Viewpoints: Why Won’t Agency Designed To Protect Consumers Do Anything About Vaping Dangers?; Striking Down Health Law In Court Will Spur Reforms
Opinion writers weigh in on these health topics and others.
Stat: Consumer Product Safety Commission: Act On Major Threats To Kids
We know a lot about how to protect children from injury and death. Car seats help protect them during a crash. Vaccines prevent them from developing polio, meningitis, and a host of other infectious diseases.We know this because years of careful research and data collection prove it, and based on that information we’ve been able to advise families about ways to protect their children. As a pediatrician, it’s alarming to me how much the Consumer Product Safety Commission (CPSC) knows about two real and present dangers to children — crib bumpers and poisoning by liquid nicotine — and has failed to act on them. Action to make consumer products safer is the very mission of this government agency. This isn’t the only area in which the CPSC’s failure to act has put children at serious risk. Another threat on the market is liquid nicotine, the kind used to refill certain types of e-cigarettes. As e-cigarette use has become more and more common, these vials are found in a growing number of households across the country. (Kyle Yasuda, 12/16)
Nashville Tennessean: Court Striking Down ACA Would Not Leave People Without Health Insurance
The 5th Circuit Court of Appeals in Texas is expected to rule soon on the constitutionality of Obamacare. While its decision will have significant implications for American health care policy, it won’t affect people’s health coverage for at least a couple of years as the appeals process plays out. In the meantime, a ruling striking down Obamacare would give the country the opportunity and the impetus to unite behind a health care reform plan that actually lowers costs, increases choices and improves the doctor-patient relationship. (Thomas Price and Alfredo Ortiz, 12/12)
Axios: Private Health Insurance Costs Are Skyrocketing
The cost of private health insurance is out of control, compared to Medicare and Medicaid. You see that clearly if you take a long-term view of recently released federal data on health spending. Why it matters: This is why the health care industry — not just insurers, but also hospitals and drug companies — is so opposed to proposals that would expand the government’s purchasing power. And it’s why some progressives are so determined to curb, or even eliminate, private coverage. By the numbers: Per capita spending for private insurance has grown by 52.6% over the last 10 years. Per-capita spending for Medicare grew by 21.5% over the same period, and Medicaid 12.5%. Private insurance generally pays higher prices for care than Medicare, which generally pays more than Medicaid. (Drew Altman, 12/16)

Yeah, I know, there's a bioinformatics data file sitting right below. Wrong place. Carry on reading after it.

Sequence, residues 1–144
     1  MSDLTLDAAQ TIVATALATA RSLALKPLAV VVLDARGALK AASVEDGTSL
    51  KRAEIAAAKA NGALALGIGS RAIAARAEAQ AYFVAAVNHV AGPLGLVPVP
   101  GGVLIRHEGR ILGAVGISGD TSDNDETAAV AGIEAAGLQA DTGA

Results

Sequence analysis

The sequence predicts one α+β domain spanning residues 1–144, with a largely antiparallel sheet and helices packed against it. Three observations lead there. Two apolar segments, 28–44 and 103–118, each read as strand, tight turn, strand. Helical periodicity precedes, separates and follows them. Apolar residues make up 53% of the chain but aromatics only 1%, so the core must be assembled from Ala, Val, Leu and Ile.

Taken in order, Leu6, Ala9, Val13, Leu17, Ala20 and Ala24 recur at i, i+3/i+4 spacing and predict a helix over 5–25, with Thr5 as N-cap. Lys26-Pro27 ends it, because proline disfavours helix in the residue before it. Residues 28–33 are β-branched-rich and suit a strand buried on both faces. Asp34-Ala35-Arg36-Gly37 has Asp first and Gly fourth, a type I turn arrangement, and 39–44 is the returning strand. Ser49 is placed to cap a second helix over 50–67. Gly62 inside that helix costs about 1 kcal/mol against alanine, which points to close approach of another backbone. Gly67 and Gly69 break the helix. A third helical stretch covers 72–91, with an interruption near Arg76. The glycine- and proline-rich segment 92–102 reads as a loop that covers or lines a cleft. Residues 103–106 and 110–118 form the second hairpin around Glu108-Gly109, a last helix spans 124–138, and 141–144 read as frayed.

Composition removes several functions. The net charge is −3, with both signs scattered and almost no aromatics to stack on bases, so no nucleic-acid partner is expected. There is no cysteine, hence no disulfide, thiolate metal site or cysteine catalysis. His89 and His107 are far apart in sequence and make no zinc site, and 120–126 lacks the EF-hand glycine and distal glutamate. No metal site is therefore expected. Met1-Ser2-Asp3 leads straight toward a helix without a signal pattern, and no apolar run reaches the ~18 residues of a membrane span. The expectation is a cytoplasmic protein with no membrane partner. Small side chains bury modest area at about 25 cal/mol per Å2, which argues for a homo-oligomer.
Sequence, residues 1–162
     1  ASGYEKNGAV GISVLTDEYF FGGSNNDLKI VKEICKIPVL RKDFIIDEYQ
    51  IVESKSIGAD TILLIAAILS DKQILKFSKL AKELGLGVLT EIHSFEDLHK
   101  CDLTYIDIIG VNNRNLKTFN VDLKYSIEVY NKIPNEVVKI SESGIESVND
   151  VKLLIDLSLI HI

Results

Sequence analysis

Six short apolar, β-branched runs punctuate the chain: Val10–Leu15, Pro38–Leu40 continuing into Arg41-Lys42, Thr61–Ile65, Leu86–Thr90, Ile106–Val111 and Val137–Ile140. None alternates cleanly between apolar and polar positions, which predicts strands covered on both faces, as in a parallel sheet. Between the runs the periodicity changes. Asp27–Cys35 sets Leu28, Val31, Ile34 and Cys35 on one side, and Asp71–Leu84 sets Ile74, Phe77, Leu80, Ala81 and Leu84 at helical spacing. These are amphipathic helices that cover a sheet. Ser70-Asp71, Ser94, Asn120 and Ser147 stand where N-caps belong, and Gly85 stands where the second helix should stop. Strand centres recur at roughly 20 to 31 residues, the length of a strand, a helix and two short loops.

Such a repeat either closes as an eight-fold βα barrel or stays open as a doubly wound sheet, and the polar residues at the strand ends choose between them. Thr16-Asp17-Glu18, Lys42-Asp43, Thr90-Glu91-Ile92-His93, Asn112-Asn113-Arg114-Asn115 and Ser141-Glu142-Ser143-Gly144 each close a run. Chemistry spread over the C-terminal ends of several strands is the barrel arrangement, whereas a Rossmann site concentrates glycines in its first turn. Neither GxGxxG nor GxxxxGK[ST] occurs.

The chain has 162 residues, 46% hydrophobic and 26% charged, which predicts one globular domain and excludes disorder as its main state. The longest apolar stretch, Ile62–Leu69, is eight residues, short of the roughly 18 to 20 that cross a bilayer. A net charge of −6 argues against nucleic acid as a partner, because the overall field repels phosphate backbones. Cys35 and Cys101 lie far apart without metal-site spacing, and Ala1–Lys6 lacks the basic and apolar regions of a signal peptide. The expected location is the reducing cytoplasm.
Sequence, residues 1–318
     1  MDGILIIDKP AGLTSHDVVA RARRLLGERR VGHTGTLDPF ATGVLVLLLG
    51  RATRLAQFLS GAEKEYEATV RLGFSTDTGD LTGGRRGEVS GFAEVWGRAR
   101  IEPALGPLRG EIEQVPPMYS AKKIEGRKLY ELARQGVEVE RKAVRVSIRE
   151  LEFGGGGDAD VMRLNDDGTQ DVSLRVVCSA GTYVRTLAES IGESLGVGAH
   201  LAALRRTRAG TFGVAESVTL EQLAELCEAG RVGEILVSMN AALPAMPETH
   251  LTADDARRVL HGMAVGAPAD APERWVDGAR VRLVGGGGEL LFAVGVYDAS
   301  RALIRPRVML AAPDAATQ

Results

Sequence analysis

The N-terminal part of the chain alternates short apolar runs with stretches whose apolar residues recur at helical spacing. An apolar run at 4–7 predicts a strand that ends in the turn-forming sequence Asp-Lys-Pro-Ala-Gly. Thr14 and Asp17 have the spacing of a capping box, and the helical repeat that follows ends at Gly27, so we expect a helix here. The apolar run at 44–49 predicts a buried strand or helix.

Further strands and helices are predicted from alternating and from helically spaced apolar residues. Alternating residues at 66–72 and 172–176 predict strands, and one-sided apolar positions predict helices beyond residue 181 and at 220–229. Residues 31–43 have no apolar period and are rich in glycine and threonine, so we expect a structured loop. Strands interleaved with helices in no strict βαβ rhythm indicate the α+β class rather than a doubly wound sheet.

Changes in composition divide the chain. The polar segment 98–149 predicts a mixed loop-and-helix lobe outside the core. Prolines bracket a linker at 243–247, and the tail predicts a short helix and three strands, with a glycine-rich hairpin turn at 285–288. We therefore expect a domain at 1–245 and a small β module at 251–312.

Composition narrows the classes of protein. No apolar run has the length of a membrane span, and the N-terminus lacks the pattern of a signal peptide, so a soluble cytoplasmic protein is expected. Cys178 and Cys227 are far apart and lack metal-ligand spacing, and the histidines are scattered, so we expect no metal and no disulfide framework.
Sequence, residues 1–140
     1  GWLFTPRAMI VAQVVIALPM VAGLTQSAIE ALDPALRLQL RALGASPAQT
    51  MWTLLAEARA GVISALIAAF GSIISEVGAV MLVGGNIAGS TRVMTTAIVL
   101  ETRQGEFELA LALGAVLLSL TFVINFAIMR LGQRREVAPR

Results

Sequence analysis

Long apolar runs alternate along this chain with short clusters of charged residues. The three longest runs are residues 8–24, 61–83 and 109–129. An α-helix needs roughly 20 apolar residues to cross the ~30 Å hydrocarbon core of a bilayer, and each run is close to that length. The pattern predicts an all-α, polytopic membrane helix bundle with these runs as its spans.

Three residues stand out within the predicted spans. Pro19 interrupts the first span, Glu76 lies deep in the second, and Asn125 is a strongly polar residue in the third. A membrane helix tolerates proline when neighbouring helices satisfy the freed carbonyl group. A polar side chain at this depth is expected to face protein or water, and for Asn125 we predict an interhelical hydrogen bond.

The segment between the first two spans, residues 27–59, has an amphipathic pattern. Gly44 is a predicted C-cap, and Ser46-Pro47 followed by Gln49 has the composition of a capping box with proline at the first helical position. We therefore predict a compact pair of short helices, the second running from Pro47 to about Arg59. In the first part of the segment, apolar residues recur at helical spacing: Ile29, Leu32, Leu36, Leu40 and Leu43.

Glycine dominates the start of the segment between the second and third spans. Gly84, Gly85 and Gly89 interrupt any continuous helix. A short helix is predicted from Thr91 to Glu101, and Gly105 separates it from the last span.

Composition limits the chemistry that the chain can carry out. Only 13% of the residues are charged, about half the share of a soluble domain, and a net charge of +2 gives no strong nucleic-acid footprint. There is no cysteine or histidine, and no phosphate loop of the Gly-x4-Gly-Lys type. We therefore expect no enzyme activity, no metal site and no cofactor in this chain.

St. Louis Post Dispatch: Administration Rings In The Season By Yanking Food From Vulnerable Americans.
President Donald Trump likes to present himself as a tireless defender of Christmas. But in the most Grinchy policy decision in recent memory, the administration says it is moving forward with work requirements for food stamp recipients that ignore the real-world circumstances faced by the poor. The changes will cause almost 700,000 struggling Americans to lose their access to needed assistance. The rule change announced last week affects only childless, able-bodied adults, but there’s coal coming down the pike for other stockings as well: Additional restrictions expected to be announced later would affect another 3 million poor Americans — and close to 1 million children who could lose their subsidized school lunches. Merry Christmas, kids! (12/15)
Des Moines Register: Expand Medicare To Cover Cost Of Long-Term Care: It’s A Crisis.
You work hard all your life, save some money and look forward to retirement. Maybe you’ll take up a new hobby, volunteer or just putter around the yard. Then you have a massive stroke. Or a serious car accident. Or are diagnosed with Alzheimer’s. All your plans change.Instead of taking care of grandchildren, you need a caregiver. Instead of bicycling with your wife, she’s pushing your wheelchair. The money saved for travel will be needed to pay for long-term care. (12/12)